President Bush has nominated Milan D. Smith Jr., a Torrance-based transactions attorney, for a seat on the Ninth Circuit Court of Appeals. The 53-year-old Smith has spent the bulk of his career in the private practice he founded, Smith Crane Robinson & Parker.
Relations between Democrats and Republicans in Congress are frosty right now, but the moderate Smith is expected to easily win confirmation. An odd Congressional couple suggested his appointment: U.S. Sen. Barbara Boxer, D-Calif., a well-known liberal, and Sen. Orrin Hatch, the powerful Republican from Utah.
Boxer became a friend of Smith through his brother, U.S. Sen. Gordon Smith, R-Ore. Hatch, like the Smiths, is a Mormon, and he has known the Torrance attorney's family for four decades.
In fact, Smith comes from a political family. His grandfather was chief justice of the Arizona Supreme Court; his cousin Rex Lee, was solicitor general during the Reagan Administration, and his father, also Milan Smith, was assistant secretary of agriculture under President Eisenhower.
Smith, married with seven children, is best known for a public altercation with Donald Trump. The Donald owns the Ocean Trails Golf Course in Rancho Palos Verdes, but the course sits on land owned by the Palos Verdes Peninsula Unified School District, one of Smith's clients. When the school board decided to raise his rent in 2003, Trump sued. Smith took Trump to task on a local TV broadcast that received national play.
Smith is Bush's eighth nomination to the Ninth Circuit court. Four nominees have been confirmed. The seat for which Smith is nominated has been vacant since June 2004. The court hears appeals of cases decided by federal trial courts or state courts in Alaska, Arizona, California, Hawaii, Idaho, Montana, Nevada, Oregon and Washington.
The pot keeps growing for first year associates.
In the wake of salary levels hitting $135,000 in Los Angeles, several firms are raising first-year associate pay in their New York and San Francisco offices to $145,000, an increase of $20,000 in some cases. Some insiders suggest these salary increases will be offset by smaller or discontinued bonuses. But the continued increases of associates' salary levels indicate increased intensity of competition for top-notch talent.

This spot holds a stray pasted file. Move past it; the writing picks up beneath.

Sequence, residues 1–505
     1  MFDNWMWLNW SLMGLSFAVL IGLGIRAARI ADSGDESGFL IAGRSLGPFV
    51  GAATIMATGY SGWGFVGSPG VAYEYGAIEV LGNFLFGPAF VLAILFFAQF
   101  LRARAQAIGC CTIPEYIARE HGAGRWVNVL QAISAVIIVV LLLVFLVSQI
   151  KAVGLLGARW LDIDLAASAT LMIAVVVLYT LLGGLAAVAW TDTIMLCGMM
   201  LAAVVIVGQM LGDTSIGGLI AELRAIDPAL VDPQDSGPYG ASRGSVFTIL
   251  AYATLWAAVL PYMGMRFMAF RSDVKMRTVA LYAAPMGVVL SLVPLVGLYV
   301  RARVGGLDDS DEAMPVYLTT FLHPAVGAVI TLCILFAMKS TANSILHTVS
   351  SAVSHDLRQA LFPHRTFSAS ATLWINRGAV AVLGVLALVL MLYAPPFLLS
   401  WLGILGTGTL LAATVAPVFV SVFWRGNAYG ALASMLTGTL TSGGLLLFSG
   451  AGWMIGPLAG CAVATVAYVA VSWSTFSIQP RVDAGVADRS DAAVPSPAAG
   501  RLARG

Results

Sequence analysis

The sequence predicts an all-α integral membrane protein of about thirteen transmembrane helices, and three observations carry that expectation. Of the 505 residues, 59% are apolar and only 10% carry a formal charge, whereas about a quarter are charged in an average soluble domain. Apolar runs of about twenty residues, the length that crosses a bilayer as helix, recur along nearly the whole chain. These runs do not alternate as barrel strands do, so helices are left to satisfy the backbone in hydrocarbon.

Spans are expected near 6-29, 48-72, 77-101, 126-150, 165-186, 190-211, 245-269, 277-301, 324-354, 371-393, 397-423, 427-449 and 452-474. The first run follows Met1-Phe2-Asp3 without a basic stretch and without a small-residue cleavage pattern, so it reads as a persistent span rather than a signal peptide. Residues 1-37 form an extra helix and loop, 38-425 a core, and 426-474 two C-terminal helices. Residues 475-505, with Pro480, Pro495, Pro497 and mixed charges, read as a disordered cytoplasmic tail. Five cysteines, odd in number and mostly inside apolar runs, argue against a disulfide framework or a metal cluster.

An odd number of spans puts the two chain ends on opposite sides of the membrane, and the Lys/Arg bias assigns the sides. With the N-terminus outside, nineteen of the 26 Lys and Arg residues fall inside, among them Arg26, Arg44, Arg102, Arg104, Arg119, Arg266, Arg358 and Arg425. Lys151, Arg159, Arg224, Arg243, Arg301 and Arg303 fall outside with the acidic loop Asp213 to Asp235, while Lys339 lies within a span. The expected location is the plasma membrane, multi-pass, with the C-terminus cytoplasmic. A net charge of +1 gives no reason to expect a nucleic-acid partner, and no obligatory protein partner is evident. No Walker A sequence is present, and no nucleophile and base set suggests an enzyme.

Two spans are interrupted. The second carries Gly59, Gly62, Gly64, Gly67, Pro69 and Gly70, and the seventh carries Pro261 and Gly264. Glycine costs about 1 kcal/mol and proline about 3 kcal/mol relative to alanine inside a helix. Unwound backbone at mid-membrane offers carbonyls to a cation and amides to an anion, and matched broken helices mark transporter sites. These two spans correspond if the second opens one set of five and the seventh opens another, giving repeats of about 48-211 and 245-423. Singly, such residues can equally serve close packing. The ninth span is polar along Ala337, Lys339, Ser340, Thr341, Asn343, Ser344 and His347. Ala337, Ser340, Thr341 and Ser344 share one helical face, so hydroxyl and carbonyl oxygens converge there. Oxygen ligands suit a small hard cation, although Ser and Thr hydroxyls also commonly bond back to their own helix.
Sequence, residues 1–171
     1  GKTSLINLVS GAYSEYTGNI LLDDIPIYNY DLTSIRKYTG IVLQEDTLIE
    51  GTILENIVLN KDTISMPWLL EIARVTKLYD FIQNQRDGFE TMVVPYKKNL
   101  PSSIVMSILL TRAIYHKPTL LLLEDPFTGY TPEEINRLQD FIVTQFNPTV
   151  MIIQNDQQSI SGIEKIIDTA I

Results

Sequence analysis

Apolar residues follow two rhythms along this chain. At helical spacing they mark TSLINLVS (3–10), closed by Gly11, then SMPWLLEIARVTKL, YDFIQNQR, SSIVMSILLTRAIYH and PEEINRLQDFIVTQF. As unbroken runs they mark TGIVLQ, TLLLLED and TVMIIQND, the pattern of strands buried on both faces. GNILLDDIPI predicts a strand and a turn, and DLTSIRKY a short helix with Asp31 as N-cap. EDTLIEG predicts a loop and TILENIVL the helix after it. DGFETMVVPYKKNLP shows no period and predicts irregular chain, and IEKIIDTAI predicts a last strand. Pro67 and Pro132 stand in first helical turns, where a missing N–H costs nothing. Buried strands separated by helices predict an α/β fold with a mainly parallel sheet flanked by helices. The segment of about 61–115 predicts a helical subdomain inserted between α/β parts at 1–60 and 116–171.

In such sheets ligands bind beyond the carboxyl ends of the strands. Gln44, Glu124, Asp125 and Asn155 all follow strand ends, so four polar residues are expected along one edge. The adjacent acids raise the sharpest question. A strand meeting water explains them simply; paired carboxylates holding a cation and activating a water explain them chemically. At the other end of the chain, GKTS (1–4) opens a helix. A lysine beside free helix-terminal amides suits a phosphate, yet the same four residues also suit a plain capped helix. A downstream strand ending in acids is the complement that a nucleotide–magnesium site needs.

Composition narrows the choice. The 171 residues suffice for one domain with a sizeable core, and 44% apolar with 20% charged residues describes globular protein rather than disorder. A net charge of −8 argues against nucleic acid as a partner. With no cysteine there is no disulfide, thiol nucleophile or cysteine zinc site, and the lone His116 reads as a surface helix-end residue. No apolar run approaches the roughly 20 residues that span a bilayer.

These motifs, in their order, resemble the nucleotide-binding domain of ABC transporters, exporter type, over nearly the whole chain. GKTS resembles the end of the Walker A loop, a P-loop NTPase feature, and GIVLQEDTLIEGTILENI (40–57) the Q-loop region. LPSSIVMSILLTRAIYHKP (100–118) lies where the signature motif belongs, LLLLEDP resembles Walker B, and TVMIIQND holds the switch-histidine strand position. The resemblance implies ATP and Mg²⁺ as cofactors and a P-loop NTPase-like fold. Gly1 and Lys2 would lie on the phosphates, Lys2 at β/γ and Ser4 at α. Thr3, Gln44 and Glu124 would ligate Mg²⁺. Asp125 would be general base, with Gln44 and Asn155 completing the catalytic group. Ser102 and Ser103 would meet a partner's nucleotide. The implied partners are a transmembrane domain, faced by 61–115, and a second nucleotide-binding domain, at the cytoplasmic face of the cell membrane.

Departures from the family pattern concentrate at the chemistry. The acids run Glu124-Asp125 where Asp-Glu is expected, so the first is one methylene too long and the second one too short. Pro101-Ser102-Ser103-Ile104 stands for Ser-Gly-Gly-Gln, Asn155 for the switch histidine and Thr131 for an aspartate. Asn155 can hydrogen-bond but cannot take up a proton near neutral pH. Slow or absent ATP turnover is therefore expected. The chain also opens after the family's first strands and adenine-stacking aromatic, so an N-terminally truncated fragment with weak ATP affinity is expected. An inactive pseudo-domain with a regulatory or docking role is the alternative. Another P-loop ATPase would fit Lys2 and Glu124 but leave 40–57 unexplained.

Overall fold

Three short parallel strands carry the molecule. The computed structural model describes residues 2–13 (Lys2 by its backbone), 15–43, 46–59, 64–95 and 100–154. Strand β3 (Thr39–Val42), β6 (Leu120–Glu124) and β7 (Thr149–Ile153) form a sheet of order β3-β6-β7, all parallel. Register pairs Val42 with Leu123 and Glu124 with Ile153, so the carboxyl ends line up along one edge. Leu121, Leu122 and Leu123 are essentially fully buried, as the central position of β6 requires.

The West Coast SEC enforcement and white-collar defense unit of Skadden Arps Meagher & Flom LLP has won an insider trading case with boardroom ramifications.
Fidelity National Financial Inc. director Tom Talbot learned in a board meeting that Learning Tree International Inc., one of the stocks in the company's portfolio, was facing a takeover. Based on that knowledge, Talbot purchased 10,000 shares of Learning Tree stock, which he sold two weeks later when the information was made public, earning $67,000.
A Los Angeles District court judge ruled that this was not a case of insider trading because Learning Tree had elected to communicate the information and did not request a confidentiality agreement.
Wenton Benshoof Rochefort Rubalcava MacCuish LLP has elevated Thomas Cohen (land development), Deborah Yoon (business litigation), Scott Leipzig (business litigation) and James Sloan (business and technology) to partner status. DLA Piper Rudnick Gray Cary US LLP had made partners of William P. Donovan (litigation) and Timothy B. Evans (real estate) in L.A. Davis Wright Tremaine LLP has bestowed partner status on Jennifer L. Brockett (commercial and intellectual property litigation). Jones Day Reavis & Pogue LLP has made partners of two veteran attorneys who are rejoining the firm. Deborah Saxe will specialize in labor and employment while Louis Touton will work in property litigation. Strategic Counsel has picked Gregory G. Gorman and Johnny Darnell to head its new litigation practice, which will focus on cases involving the convergence of business issues, politics and public perceptions.
*Staff reporter Emily Bryson York can be reached at (323) 549-5225, ext. 235, or at email@example.com .
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